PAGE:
This by itself is not really enough to bring the number of queries down significantly - consider an array where all elements are distinct, for example. Keep the idea in mind though, it will help us later.

### Reducing the number of queries

Currently, our solution uses i-1 queries to find A_i. How to do better?

A hint on how to accomplish this comes from the limit on the number of queries (and maybe even the fact that the problem is interactive…). 6 is about \log_2 100, which brings to mind binary search!

What to binary search on?

Looking back at our initial solution, it can be broken into two parts: figuring out whether A_i is a new element, and if it isn’t, figuring out what it is.

Remember the earlier optimization of only asking about one index for each distinct element? That will come into play here to help us.

Suppose we want to find A_i, and there have been k distinct elements found so far. Let I = \{i_1, i_2, \dots, i_k\} be a set of indices corresponding to these k elements.

- To check whether A_i is new, it suffices to ask the query \{i_1, i_2, \dots, i_k, i\}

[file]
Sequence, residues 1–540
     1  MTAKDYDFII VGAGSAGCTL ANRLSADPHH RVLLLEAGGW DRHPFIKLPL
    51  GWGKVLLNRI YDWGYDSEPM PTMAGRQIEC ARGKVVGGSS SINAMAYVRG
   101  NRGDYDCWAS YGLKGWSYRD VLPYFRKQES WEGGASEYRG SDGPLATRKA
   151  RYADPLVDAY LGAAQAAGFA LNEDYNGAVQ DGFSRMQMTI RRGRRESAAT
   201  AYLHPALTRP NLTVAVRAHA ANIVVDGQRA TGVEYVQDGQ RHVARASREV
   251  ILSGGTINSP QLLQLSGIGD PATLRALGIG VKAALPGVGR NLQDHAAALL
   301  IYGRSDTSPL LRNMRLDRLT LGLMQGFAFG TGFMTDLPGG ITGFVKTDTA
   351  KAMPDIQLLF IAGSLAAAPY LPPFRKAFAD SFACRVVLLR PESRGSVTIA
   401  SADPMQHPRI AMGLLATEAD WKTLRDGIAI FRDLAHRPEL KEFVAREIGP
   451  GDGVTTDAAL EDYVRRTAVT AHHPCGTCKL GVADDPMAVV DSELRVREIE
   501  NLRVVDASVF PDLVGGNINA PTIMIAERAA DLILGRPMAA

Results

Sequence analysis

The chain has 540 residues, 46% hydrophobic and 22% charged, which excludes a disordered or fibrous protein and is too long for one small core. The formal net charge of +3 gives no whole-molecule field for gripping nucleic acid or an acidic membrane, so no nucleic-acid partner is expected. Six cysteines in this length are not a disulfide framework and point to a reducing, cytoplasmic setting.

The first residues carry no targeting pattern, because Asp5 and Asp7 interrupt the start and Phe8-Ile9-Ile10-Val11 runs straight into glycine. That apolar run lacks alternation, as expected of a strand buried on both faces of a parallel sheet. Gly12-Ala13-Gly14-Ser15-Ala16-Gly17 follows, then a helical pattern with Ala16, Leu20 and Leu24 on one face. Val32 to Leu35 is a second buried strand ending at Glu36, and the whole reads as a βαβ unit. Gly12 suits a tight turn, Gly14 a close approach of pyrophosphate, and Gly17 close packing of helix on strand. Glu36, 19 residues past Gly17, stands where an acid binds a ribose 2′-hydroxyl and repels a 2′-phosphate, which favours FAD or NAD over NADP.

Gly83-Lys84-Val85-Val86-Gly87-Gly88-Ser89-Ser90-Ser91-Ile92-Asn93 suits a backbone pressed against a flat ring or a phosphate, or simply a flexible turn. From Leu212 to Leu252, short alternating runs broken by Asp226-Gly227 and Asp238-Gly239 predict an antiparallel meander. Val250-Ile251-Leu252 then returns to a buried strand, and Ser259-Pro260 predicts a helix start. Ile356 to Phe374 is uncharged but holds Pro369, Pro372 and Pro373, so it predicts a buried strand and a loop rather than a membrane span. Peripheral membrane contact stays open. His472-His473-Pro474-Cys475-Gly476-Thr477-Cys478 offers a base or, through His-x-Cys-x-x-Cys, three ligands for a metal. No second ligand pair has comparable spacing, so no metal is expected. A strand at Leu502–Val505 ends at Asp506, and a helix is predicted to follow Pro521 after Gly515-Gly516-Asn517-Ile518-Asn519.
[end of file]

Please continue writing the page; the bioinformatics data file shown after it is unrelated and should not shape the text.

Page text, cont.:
## Why?

Note that, since A_{i_1}, A_{i_2}, \dots, A_{i_k} are all distinct, the result of this query is either 1 or 2. If it is 1, A_i is distinct from all of them and is hence new.

- If A_i does happen to be new, we assign it the value k+1 and insert i into the set of representatives.
- Now consider the case when A_i isn’t new. There will be exactly one x \in \{i_1, i_2, \dots, i_k\} such that A_x = A_i because the indices represent distinct elements.

Finding this x can be done with a simple binary search. Once we know x, we can assign A_i = A_x

## Details on the binary search

Split I into two halves - say I_1 and I_2.

Note that x is in one of these halves, but not both.

To check whether x \in I_1, query for I_1 \cup \{i\}. If the result of this query is 1, x \notin I_1. If it is 2, x \in I_1.

This reduces the search space by half, continue applying this process till the search space becomes a single element - that is x.

To make implementation simple, notice that it doesn’t really matter what I_1 and I_2 are chosen to be, as long as they are disjoint halves of I. In particular, we can choose them to be intervals and maintain `lo`

and `hi`

pointers as in a normal binary search.

### Analyzing the number of queries

We ask one query for each index 2\leq i\leq N to find out whether A_i is new or not. If it isn’t, we run a binary search to find A_i.

If the array has d distinct elements, the binary search step runs N-d times. In the worst case, each one is over a set of size d, and so will require \lceil \log_2 d\rceil queries.